Role of the Funder/Sponsor: While NICHD staff did have input into the study design, conduct, analysis, and manuscript drafting, the content is solely the responsibility of the authors and does not necessarily represent the official views of the National Institutes of Health. Data collected at participating sites of the NICHD Neonatal Research Network (NRN) were transmitted to RTI International, the data coordinating center (DCC) for the network, which stored, managed and analyzed the data for this study. The funders had no role in the preparation, review, or approval of the manuscript and decision to submit the manuscript for publication.
Group Information: The following investigators, in addition to those listed as authors, participated in this study: Neonatal Research Network Steering Committee Chairs: Michael S. Caplan, MD, University of Chicago, Pritzker School of Medicine (2006-2011); Richard A. Polin, MD, Division of Neonatology, College of Physicians and Surgeons, Columbia University, (2011-present). Alpert Medical School of Brown University and Women and Infants Hospital of Rhode Island: Martin Keszler, MD; William Oh, MD; Betty R. Vohr, MD; Angelita M. Hensman, MS, RNC-NIC; Kristin M. Basso, BSN, MaT; Barbara Alksninis, PNP; Robert Burke, MD; Melinda Caskey, MD; Andrea Halbrook; Katharine Johnson, MD; Mary Lenore Keszler, MD; Theresa M. Leach, MEd, CAES; Bonnie E. Stephens, MD; Suzy Ventura; Victoria E. Watson, MS, CAS. Case Western Reserve University Rainbow Babies and Children's Hospital: Avroy A. Fanaroff, MD; Anna Marie Hibbs, MD; Deanne E. Wilson-Costello, MD; Nancy S. Newman, BA, RN; Allison F. Payne, MD; Bonnie S. Siner, RN; Monika Bhola, MD; Gulgun Yalcinkaya, MD; Harriet G. Friedman, MA. Children's Mercy Hospital: William E. Truog, MD; Eugenia K. Pallotto, MD, MSCE; Howard W. Kilbride, MD; Cheri Gauldin, RN, MSN CCRC; Anne Holmes RN, MSN, MBA-HCM, CCRC; Kathy Johnson RN, CCRC. Cincinnati Children's Hospital Medical Center, University Hospital, and Good Samaritan Hospital: Kurt Schibler, MD; Edward F. Donovan, MD; Cathy Grisby, BSN CCRC; Barbara Alexander, RN; Kate Bridges, MD; Estelle E. Fischer, MHSA MBA; Teresa L. Gratton, PA; Holly L. Mincey, RN BSN; Greg Muthig, BS; Jody Hessling, RN; Teresa L. Gratton, PA; Lenora D. Jackson, CRC; Kristin Kirker, CRC; Kimberly Yolton, PhD. Duke University School of Medicine, University Hospital, University of North Carolina, and Duke Regional Hospital: Ronald N. Goldberg, MD; C. Michael Cotten, MD MHS; Ricki F. Goldstein, MD; Kathryn E. Gustafson, PhD; Joanne Finkle, RN JD; Patricia L. Ashley, MD PhD; William F. Malcolm, MD; Kathy J. Auten, MSHS; Kimberley A. Fisher, PhD FNP-BC IBCLC; Katherine A. Foy, RN; Sandra Grimes, RN BSN; Melody B. Lohmeyer, RN MSN; Matthew M. Laughon, MD, MPH; Carl L. Bose, MD; Janice Bernhardt, MS, RN; Gennie Bose, RN; Janice K. Wereszczak, CPNP-AC/PC. Emory University, Children’s Healthcare of Atlanta, Grady Memorial Hospital, and Emory University Hospital Midtown: David P. Carlton, MD; Ellen C. Hale, RN, BS, CCRC; Yvonne C. Loggins, RN, BSN; Maureen Mulligan LaRossa, RN; Sheena L. Carter, PhD. Eunice Kennedy Shriver National Institute of Child Health and Human Development: Rosemary D. Higgins, MD; Stephanie Wilson Archer, MA. Indiana University, University Hospital, Methodist Hospital, Riley Hospital for Children, and Wishard Health Services: Gregory M. Sokol, MD; Brenda B. Poindexter, MD, MS; Anna M. Dusick, MD (deceased); Lu-Ann Papile, MD; Dianne E. Herron, RN; Lucy C. Miller, RN, BSN, CCRC; Carolyn Lytle, MD, MPH; Ann B. Cook, MS; Heike M. Minnich, PsyD, HSPP; Abbey C. Hines, PsyD; Leslie Dawn Wilson, BSN, CCRC; Faithe Hamer, BS. Nationwide Children’s Hospital and the Ohio State University Medical Center: Pablo J. Sánchez, MD; Leif D. Nelin, MD; Sudarshan R. Jadcherla, MD; Keith Owen Yeates, PhD; Patricia Luzader, RN; Christine A. Fortney, PhD, RN; Gail E. Besner; Nehal A. Parikh, MD. RTI International: Dennis Wallace, PhD; W. Kenneth Poole, PhD (deceased); Jeanette O’Donnell Auman, BS; Margaret M. Crawford, BS, CCRP; Marie G. Gantz, PhD; Jamie E. Newman, PhD; Carolyn M. Petrie Huitema, MS, CCRP; Kristin M. Zaterka-Baxter, RN, BSN, CCRP. Stanford University, Dominican Hospital, El Camino Hospital, and Lucile Packard Children's Hospital: David K. Stevenson, MD; M. Bethany Ball, BS CCRC; Marian M. Adams, MD; Barbara Bentley, PhD; Elizabeth Bruno, PhD; Maria Elena DeAnda, PhD; Anne M. DeBattista, RN, PNP; Lynne C. Huffman, MD; Jean G. Kohn, MD, MPH; Casey E. Krueger, PhD; Andrew W. Palmquist, RN; Melinda S. Proud, RCP; Brian Tang, MD; Hali E.Weiss, MD. Tufts Medical Center, Floating Hospital for Children: Ivan D. Frantz III, MD; John M. Fiascone, MD; Elisabeth C. McGowan, MD; Brenda L. MacKinnon, RNC; Ana K. Brussa, MS,OTR/L; Anne Furey, MPH; Ellen Nylen, RN, BSN; Cecelia E Sibley PT, MHA. University of Alabama at Birmingham Health System and Children’s Hospital of Alabama: Namasivayam Ambalavanan, MD; Myriam Peralta-Carcelen, MD, MPH; Monica V. Collins, RN, BSN, MaEd; Shirley S. Cosby, RN, BSN; Vivien A. Phillips RN; Fred J. Biasini, PhD; Kristy Domnanovich, PhD; Kristen C. Johnston, MSN, CRNP; Carin Kiser, MD; Sara Kryzwanski, MS; Kathleen G. Nelson, MD; Cryshelle S. Patterson, PhD; Richard V. Rector, PhD; Leslie Rodrigues, PhD; Sarah Ryan, PhD; Leigh Ann Smith, CRNP; Amanda D. Soong, MD; Sally Whitley, MA, OTR-L, FAOTA. University of California, Los Angeles, Mattel Children's Hospital, Santa Monica Hospital, Los Robles Hospital and Medical Center, and Olive View Medical Center: Uday Devaskar, MD; Meena Garg, MD; Isabell B. Purdy, PhD, CPNP; Teresa Chanlaw, MPH; Rachel Geller, RN, BSN. University of California, San Diego Medical Center and Sharp Mary Birch Hospital for Women and Newborns: Neil N. Finer, MD; David Kaegi, MD; Maynard R. Rasmussen, MD; Yvonne E. Vaucher, MD, MPH; Kathy Arnell, RNC; Clarence Demetrio, RN; Martha G. Fuller, RN, MSN; Chris Henderson, RCP, CRTT; Wade Rich, BSHS, RRT; Radmila West, PhD. University of Iowa and Mercy Medical Center: Edward F. Bell, MD; Dan L. Ellsbury, MD; John A. Widness, MD; Tarah T. Colaizy, MD, MPH; Michael J. Acarregui, MD; Karen J. Johnson, RN, BSN; Donia B. Campbell, RNC-NC; Diane L. Eastman, RN, CPNP, MA; Jacky R. Walker, RN. University of Miami and Holtz Children's Hospital: Shahnaz Duara, MD; Charles R. Bauer, MD; Ruth Everett-Thomas, RN MSN; Sylvia Fajardo-Hiriart, MD; Arielle Rigaud, MD; Maria Calejo, MS; Silvia M. Frade Eguaras, MA; Michelle Harwood Berkowits, PhD; Andrea Garcia, MS; Helina Pierre, BA; Alexandra Stoerger, BA. University of New Mexico Health Sciences Center: Kristi L. Watterberg, MD; Robin K. Ohls, MD; Andrea H. Duncan, MD; Janell F. Fuller, MD; Conra Backstrom Lacy, RN; Sandra Brown, BSN; Carol Hartenberger, BSN MPH; Jean R. Lowe, PhD; Rebecca A. Montman, BSN, RNC. University of Pennsylvania, Hospital of the University of Pennsylvania, Pennsylvania Hospital, and Children's Hospital of Philadelphia: Barbara Schmidt, MD, MSc; Haresh Kirpalani, MB, MSc; Sara B. DeMauro, MD, MSCE; Aasma S. Chaudhary, BS, RRT; Soraya Abbasi, MD; Toni Mancini, RN, BSN, CCRC; Dara M. Cucinotta, RN; Judy C. Bernbaum, MD; Marsha Gerdes, PhD; Hallam Hurt, MD. University of Rochester Medical Center, Golisano Children's Hospital, the University of Buffalo Women's, and Children's Hospital of Buffalo: Carl T. D’Angio, MD; Dale L. Phelps, MD; Ronnie Guillet, MD, PhD; Gary J. Myers, MD; Linda J. Reubens, RN, CCRC; Erica Burnell, RN; Diane Hust, MS, RN, CS; Julie Babish Johnson, MSW; Julianne Hunn, BS; Rosemary L. Jensen; Emily Kushner, MA; Deanna Maffett, RN; Joan Merzbach, LMSW; Holly I.M. Wadkins; Kelley Yost, PhD; Lauren Zwetsch, RN, MS, PNP; Satyan Lakshminrusimha, MD; Anne Marie Reynolds, MD, MPH; Farooq Osman, MD; Ashley Williams, MSEd; Karen Wynn, RN. University of Texas Health Science Center at Houston Medical School, Children's Memorial Hermann Hospital, and Lyndon Baines Johnson General Hospital/Harris County Hospital District: Kathleen A. Kennedy, MD, MPH; Jon E. Tyson, MD, MPH; Georgia E. McDavid, RN; Nora I. Alaniz, BS; Katrina Burson, RN, BSN; Patricia W. Evans, MD; Charles Green, PhD; Beverly Foley Harris, RN, BSN; Margarita Jiminez, MD, MPH; Anna E. Lis, RN, BSN; Sarah Martin, RN, BSN; Brenda H. Morris, MD; M. Layne Poundstone, RN, BSN; Peggy Robichaux, RN, BSN; Saba Siddiki, MD; Maegan C. Simmons, RN; Patti L. Pierce Tate, RCP; Sharon L. Wright, MT(ASCP). University of Texas Southwestern Medical Center at Dallas, Parkland Health and Hospital System, and Children's Medical Center Dallas: Pablo J. Sánchez, MD; Luc P. Brion, MD; Roy J. Heyne, MD; Walid A. Salhab, MD; Charles R. Rosenfeld, MD; Diana M. Vasil, RNC-NIC; Sally S. Adams, MS, RN CPNP; Lijun Chen, PhD, RN; Alicia Guzman; Gaynelle Hensley, RN; Elizabeth T. Heyne, MS, MA, PA-C PsyD; Melissa H. Leps, RN; Linda A. Madden, RN, CPNP; Nancy A. Miller, RN; Janet S. Morgan, RN; Lizette E. Torres, RN; Catherine Twell Boatman, MS, CIMI. University of Utah Medical Center, Intermountain Medical Center, LDS Hospital, and Primary Children's Medical Center: Roger G. Faix, MD; Bradley A. Yoder, MD; Anna Bodnar, MD; Karen A. Osborne, RN, BSN, CCRC; Shawna Baker, RN; Karie Bird, RN BSN; Jill Burnett, RNC BSN; Laura Cole, RN; Jennifer J. Jensen, RN, BSN; Cynthia Spencer, RNC; Michael Steffen, MS, CPM; Kimberlee Weaver-Lewis, RN, BSN; Sarah Winter, MD; Karen Zanetti, RN. Wake Forest University, Baptist Medical Center, Forsyth Medical Center, and Brenner Children’s Hospital: T. Michael O’Shea, MD, MPH; Robert G. Dillard, MD; Lisa K. Washburn, MD; Barbara G. Jackson, RN, BSN; Nancy Peters, RN; Korinne Chiu, MA; Deborah Evans Allred, MA, LPA; Donald J. Goldstein, PhD; Raquel Halfond, MA; Carroll Peterson, MA; Ellen L. Waldrep, MS; Cherrie D. Welch, MD MPH; Melissa Whalen Morris, MA; Gail Wiley Hounshell, PhD. Wayne State University and Hutzel Women’s Hospital and Children’s Hospital of Michigan: John Barks, MD; Rebecca Bara, RN, BSN; Angela Argento; PhD; Laura A. Goldston, MA; Mary Johnson, RN, BSN; Mary Christensen, RT; Stephanie Wiggins, MS. Yale University, Yale-New Haven Children’s Hospital, and Bridgeport Hospital: Richard A. Ehrenkranz, MD; Harris Jacobs, MD; Christine G. Butler, MD; Patricia Cervone, RN; Sheila Greisman, RN; Monica Konstantino, RN BSN; JoAnn Poulsen, RN; Janet Taft, RN, BSN; Joanne Williams, RN, BSN; Elaine Romano, MSN.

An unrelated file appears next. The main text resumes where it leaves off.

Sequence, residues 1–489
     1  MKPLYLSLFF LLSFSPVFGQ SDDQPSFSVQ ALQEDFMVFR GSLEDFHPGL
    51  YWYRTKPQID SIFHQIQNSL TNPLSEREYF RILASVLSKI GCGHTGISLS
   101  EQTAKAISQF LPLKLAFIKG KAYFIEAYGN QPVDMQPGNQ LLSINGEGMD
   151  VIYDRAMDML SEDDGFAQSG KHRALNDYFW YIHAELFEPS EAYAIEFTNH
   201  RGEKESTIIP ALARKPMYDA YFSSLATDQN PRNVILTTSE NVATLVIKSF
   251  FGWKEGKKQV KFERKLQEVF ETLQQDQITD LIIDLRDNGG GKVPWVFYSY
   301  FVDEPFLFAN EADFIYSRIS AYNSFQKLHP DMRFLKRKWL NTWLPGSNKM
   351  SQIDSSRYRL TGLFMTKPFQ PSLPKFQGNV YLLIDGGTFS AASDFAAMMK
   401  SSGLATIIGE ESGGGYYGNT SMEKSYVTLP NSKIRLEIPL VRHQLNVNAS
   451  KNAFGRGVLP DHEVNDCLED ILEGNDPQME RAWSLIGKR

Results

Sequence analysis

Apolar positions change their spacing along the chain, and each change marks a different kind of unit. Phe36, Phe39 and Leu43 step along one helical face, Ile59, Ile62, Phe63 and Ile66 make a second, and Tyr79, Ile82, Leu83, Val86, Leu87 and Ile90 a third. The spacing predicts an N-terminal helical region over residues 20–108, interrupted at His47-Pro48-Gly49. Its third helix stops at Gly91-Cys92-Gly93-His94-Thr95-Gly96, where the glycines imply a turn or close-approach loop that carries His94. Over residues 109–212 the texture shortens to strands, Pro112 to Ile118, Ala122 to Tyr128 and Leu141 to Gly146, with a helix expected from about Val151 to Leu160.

Additional Contributions: We are indebted to our medical and nursing colleagues, to the infants, and to the parents who agreed to take part in this study.